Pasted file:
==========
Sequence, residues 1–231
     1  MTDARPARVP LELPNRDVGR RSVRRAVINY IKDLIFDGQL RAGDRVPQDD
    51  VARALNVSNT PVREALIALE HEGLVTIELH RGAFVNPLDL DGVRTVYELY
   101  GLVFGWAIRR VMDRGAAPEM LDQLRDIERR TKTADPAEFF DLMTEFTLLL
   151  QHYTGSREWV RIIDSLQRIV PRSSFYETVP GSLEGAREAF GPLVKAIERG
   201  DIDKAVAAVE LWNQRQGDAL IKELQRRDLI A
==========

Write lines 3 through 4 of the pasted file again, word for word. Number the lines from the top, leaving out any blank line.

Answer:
    51  VARALNVSNT PVREALIALE HEGLVTIELH RGAFVNPLDL DGVRTVYELY
   101  GLVFGWAIRR VMDRGAAPEM LDQLRDIERR TKTADPAEFF DLMTEFTLLL